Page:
Thanks, megnmac! I can't say that I disagree with the court. Obviously, any abuse that's found must be punished and the government should do what it can to prevent it in the future. But, to rip breastfeeding infants out of their mothers' care on the possibility that 15 years down the line they might be abused is just ridiculous. And, frankly, I've been incredibly disturbed by the number of people who were willing to let the government completely strip these people of their rights simply because they don't like the religion or the lifestyle. Talk about "first they came for the blah blah blah..."
megnmac megnmac 9 years
This just in... appeals court rules Texas had no right to seize hundreds of children from polygamous sect.
Jazz-Z Jazz-Z 9 years
Flutterpie, they did find who made the original phone call and it was a prank call, but since they found underage pregnant girls in the compound, the original caller became irrelevant.
CaterpillarGirl CaterpillarGirl 9 years
Are we forgetting that these people exercising thier "individual freedoms" were exercising it on RAPING AND MOLESTING CHILDREN! What about the freedoms of those girls? or the brainwashing? There is evidence that this has occured FLUTTERPIE, there were underage girls with children ! that is pretty darn good evidence to me! By taking the kids, and believe me working with foster care i know that you just cant seize custody on a hunch (the hoops you have to jump through) they are saving them from future abuse both physically and mentally, and if these parents give a rip they will follow the goverments rules on how to retain custody. Was I the only one that read about the BED IN THE CHAPEL? anyone?
flutterpie flutterpie 9 years
im not someone who is going to say that polygamy is is conducive to a happy healthy home but who am i to say? the government has no right to dictate how people live their lives and while i think that anyone who raped or allowed the rape of a child, should be punished. so far there isnt any hard evidence that this occurred. there isnt even any evidence that the whole "16 year old bride gave anonymous phone call" even truly happened. i think that unless someone is charged with something soon, the government needs to just let them be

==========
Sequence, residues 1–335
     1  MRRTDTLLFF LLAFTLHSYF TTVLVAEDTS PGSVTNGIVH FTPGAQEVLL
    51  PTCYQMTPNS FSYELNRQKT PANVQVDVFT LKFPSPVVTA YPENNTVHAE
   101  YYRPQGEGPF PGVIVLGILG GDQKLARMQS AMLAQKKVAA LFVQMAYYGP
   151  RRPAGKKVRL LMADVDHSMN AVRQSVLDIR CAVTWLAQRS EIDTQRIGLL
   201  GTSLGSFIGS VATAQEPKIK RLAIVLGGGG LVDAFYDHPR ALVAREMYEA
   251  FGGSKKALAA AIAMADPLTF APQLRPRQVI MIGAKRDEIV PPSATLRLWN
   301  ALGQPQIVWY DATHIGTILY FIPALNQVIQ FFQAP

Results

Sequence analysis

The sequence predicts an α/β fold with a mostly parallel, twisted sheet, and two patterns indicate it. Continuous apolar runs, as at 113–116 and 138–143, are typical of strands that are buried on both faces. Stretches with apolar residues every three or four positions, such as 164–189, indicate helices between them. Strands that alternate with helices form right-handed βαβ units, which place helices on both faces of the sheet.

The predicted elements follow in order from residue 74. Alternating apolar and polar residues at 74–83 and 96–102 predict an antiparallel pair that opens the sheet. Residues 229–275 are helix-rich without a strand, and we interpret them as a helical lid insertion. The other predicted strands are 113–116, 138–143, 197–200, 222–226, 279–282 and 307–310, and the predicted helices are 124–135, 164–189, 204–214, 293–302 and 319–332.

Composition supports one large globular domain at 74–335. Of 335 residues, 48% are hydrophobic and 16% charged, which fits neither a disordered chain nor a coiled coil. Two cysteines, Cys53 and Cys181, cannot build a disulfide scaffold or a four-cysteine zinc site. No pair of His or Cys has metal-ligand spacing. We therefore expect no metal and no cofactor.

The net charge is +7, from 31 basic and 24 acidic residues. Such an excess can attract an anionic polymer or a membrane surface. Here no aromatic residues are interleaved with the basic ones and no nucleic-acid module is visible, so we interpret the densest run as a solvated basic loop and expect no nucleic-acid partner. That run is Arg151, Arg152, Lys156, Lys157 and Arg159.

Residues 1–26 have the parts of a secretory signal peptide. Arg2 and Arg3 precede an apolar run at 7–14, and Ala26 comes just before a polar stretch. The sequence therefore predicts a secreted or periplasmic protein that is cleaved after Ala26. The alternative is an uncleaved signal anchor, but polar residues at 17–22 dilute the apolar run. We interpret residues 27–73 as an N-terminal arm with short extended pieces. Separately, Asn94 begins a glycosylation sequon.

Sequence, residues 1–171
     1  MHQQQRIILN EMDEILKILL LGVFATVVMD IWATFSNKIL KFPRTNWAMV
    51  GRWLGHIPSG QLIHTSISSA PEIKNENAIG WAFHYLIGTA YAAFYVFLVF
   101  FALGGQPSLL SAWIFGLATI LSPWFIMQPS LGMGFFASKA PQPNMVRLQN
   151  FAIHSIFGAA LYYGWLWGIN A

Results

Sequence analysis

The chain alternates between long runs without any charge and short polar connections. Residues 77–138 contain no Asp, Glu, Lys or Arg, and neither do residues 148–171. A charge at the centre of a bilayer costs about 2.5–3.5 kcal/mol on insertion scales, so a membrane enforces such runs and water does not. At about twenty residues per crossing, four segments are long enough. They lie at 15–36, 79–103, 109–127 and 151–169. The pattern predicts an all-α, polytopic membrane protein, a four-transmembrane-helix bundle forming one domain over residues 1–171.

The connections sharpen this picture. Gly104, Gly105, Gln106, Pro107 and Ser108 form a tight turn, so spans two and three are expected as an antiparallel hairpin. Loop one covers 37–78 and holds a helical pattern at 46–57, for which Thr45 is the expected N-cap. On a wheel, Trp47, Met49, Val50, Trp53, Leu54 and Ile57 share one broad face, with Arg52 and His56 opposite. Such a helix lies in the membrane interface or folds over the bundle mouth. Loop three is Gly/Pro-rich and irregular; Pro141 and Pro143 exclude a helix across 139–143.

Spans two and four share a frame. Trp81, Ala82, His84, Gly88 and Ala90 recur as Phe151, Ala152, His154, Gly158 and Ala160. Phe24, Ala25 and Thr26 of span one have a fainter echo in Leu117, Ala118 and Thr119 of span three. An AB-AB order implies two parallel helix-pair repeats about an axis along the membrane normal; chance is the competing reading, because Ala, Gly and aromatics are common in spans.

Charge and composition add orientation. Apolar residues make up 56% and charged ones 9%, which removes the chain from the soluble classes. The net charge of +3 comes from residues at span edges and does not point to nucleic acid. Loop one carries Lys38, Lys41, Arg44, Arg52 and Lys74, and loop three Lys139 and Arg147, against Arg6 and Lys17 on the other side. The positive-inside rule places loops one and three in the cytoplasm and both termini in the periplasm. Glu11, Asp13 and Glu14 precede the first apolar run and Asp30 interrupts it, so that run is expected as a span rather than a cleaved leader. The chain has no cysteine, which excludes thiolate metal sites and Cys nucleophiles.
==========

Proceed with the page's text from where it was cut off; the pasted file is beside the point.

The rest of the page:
jennifer76 jennifer76 9 years
That's hilarious, partysugar. Maybe next they can dress up as mothers whose children were kidnapped and scream "bring my baby home". That would be really funny, too. Yesteryear - Would you reverse that and say that anyone against polygamy better also be against gay marriage? For the record, yes I am completely for gay marriage. I don't think the government should be in the business of determining which adults can marry. I think zeze stated her comment very well, and frankly I'm thankful because I was puzzling over how to phrase my opinion here. Obviously, the abuse needs to be punished and prevented in the future. Outside of that, I think it's a pretty lame lifestyle. But, I don't think the government should have the power to disallow or even strongly discourage legal but lame lifestyles.
Jazz-Z Jazz-Z 9 years
Let's not get confused there are no Mormons since 1887 who are polygamists. Any Mormons practicing polygamy since that date have been excommunicated. From what I've heard Salt Lake City has some of the most beautiful women in the world...can't say the same for polygamists.
popgoestheworld popgoestheworld 9 years
And who says Mormons are homely? I know loads of super hot Mormons.
popgoestheworld popgoestheworld 9 years
Not all Mormons are polygamists, so saying they dressed as Mormons is misleading. Kind of a tasteless costume though, really.
Jazz-Z Jazz-Z 9 years
partysugar that would have been hilarious. It must have been painful to look that homely!
Misskastar Misskastar 9 years
This whole thing is a disaster. The damage done is on so many levels and will leave an impression on those kids, women, everyone forever. I really hope they resolve things. hahaha! that's awesome partysugar. I wish I could have seen that! Maybe if this story is still relevant news in the fall, we'll see a lot of halloween polygamist costumes!!!
partysugar partysugar 9 years
One of the best costumes I saw at Bay 2 Breakers was a group of girls dressed up as the Mormons. They were screaming "we want our babies." I thought it was hysterical.
Jazz-Z Jazz-Z 9 years
According to an article by Brooke Adams, Salt Lake Tribune, there are only 17 out of the original 31 women who are in the disputed age group. I think the real injustice is not allowing those women proven to be 18 or older to return to their compound with their children since they haven't broke any laws. The children are currently not going to school and the state of Texas currently does not have an education plan for them. It is costing the state of Texas $1.7 million a month to care for them. Although, (from what I've read) it does appear that polygamy today is more of a cult for old men to prey upon underage girls, but apparently not in all cases. Polygamy originally practiced by the Mormons as a means to care for all the widows whose husbands were killed back east during all the anti-Mormon raids and discontinued in 1887 with the Edmunds-Tucker Act.